February 21, 2018 12:54 pm
Updated: February 21, 2018 7:29 pm

Nova Scotia teachers vote yes for illegal strike action, union wants meeting with government

WATCH: The executive of the Nova Scotia Teachers Union (NSTU) announced on Wednesday that their members have voted for a strike action — but they won’t be acting on it for the moment. Jennifer Grudic joins us in studio to give us the latest.


Nova Scotia’s public school teachers have given their union a strong mandate to authorize an “illegal job action” over pending education reforms, the head of the province’s teachers union said Wednesday.

Liette Doucet said 93 per cent of the union’s membership participated in a vote Tuesday, and 82.5 per cent voted in favour of authorizing an illegal strike or some other job action.

No job action is imminent, however, she said.

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“The teachers of Nova Scotia sent a very powerful message and provided us with a very strong strike mandate,” Doucet told reporters gathered outside the union’s headquarters in Halifax.

“They are so concerned for their students and the future of education in this province that they are willing to accept hardship in hopes that it will demonstrate to the government that the way forward is through meaningful consultation.”

Doucet said the union wants Premier Stephen McNeil and Education Minister Zach Churchill to hold talks with teachers on proposed education reforms before passing any legislation.

READ MORE: Job action possible as early as Thursday over N.S. reforms, teachers’ union says

“Today, instead of announcing when job action will take place, the NSTU is inviting government to work with us,” Doucet said. “We are willing to do whatever it takes to protect the future of public education in Nova Scotia.”

Doucet said if the union decides to take some kind of job action it will give parents enough notice to make alternate arrangements for their children, but she didn’t say how much time that would be.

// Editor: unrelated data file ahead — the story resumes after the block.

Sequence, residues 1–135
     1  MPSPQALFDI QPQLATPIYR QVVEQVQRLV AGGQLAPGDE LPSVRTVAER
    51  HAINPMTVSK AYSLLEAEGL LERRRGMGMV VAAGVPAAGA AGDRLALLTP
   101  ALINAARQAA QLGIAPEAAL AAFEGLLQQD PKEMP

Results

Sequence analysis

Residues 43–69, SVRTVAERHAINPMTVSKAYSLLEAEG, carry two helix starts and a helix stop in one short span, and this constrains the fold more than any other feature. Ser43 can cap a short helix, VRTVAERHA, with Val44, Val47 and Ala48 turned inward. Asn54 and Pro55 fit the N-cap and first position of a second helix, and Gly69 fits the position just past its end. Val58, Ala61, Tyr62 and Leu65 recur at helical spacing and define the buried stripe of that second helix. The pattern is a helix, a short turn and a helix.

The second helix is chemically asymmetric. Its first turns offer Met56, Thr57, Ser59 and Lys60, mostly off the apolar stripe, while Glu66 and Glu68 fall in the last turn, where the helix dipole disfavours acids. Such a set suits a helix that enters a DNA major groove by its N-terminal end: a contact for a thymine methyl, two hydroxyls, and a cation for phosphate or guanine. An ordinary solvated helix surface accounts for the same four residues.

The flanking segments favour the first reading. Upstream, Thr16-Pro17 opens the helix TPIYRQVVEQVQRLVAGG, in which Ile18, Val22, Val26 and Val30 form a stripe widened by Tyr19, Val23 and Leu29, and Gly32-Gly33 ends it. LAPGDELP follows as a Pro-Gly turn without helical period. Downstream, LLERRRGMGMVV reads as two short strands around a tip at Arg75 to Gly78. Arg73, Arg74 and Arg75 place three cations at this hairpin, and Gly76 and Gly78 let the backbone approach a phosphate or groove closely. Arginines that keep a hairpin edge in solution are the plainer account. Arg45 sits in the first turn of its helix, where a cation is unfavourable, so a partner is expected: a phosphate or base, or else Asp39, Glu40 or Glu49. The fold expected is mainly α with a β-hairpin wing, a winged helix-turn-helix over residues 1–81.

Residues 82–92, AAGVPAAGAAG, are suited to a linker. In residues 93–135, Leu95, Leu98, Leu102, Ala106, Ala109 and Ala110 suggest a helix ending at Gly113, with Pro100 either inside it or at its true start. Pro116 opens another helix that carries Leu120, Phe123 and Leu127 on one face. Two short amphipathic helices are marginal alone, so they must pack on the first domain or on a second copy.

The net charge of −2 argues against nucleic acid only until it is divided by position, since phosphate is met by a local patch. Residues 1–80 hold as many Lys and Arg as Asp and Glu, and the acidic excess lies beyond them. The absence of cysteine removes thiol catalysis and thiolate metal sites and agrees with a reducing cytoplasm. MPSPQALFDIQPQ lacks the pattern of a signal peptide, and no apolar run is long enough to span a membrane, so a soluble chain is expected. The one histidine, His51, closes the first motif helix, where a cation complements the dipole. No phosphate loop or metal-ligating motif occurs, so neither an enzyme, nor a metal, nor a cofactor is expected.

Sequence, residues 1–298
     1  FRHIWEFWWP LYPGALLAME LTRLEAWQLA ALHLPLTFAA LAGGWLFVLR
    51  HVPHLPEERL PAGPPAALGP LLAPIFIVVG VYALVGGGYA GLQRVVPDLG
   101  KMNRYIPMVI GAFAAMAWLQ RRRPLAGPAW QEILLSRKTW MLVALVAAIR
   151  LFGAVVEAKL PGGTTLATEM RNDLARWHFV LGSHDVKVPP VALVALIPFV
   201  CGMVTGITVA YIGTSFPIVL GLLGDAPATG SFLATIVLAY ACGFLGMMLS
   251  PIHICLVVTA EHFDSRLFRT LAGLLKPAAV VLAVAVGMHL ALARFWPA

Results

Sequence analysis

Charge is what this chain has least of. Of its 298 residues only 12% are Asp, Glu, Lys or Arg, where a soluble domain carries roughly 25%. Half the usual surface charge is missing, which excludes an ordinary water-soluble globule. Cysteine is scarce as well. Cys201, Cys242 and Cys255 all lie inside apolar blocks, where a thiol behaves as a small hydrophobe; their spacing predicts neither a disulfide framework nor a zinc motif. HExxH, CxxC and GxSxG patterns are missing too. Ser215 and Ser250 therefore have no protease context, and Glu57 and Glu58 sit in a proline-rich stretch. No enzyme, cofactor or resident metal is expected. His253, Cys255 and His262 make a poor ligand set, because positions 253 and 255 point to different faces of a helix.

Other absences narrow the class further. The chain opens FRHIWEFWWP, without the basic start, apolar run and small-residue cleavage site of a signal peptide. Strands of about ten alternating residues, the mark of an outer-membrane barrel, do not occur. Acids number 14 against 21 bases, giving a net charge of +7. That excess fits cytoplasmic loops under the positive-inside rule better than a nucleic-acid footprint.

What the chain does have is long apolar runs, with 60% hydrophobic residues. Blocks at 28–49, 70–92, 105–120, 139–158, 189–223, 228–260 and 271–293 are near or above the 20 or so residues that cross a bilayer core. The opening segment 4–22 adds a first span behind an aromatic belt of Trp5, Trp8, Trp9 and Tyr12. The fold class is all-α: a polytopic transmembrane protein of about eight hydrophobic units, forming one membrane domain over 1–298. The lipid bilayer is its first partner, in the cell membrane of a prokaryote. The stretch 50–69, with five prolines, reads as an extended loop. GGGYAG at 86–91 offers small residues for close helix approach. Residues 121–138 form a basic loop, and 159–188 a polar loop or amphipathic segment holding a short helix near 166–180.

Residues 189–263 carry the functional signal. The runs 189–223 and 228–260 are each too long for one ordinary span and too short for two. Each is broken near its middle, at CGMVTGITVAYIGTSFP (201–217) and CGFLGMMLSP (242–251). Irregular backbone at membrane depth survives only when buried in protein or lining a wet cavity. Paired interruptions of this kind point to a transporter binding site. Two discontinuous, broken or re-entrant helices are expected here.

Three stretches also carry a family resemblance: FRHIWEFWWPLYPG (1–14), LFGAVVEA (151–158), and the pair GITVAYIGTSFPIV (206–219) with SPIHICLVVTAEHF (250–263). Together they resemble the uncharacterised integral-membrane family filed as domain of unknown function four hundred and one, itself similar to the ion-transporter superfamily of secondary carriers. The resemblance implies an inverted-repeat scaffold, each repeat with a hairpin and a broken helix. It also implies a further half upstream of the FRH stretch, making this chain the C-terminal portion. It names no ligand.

She also wouldn’t specify what kind of action the union’s executive is contemplating, although she said some options could include a strike, a rotating strike or work-to-rule.

“All I am prepared to say is we are willing to talk to the government . . . and right now what we are asking is that they put a halt to what they are doing and that they come back and have those discussions.”

Churchill has questioned the union’s decision to seek an illegal strike mandate, saying job action is not in the best interests of students.

The union called the strike vote last week to protest the province’s decision to largely endorse a consultant’s report recommending education reforms, including the removal of 1,000 principals, vice-principals and supervisors from the union.

The report by consultant Avis Glaze makes 22 recommendations, including eliminating the province’s seven English-language school boards and creating a provincial college of educators to license and regulate the profession.

The extensive reforms come a year after teachers walked off the job for a day and staged a protest outside the provincial legislature.

WATCH: NSTU President speaks ahead of strike mandate vote

The Liberal government eventually passed legislation ending a 16-month contract dispute with teachers, which also ended a work-to-rule job action.

Illegal strike activities could lead to specific fines of up to $300 per day for the union and up to $200 per day for a union officer or representative.

However, if an illegal strike activity continues despite a labour board decision ordering employees to return to work, the penalty is up to $10,000 a day for the union and up to $1,000 a day for each teacher or individual.

© 2018 The Canadian Press

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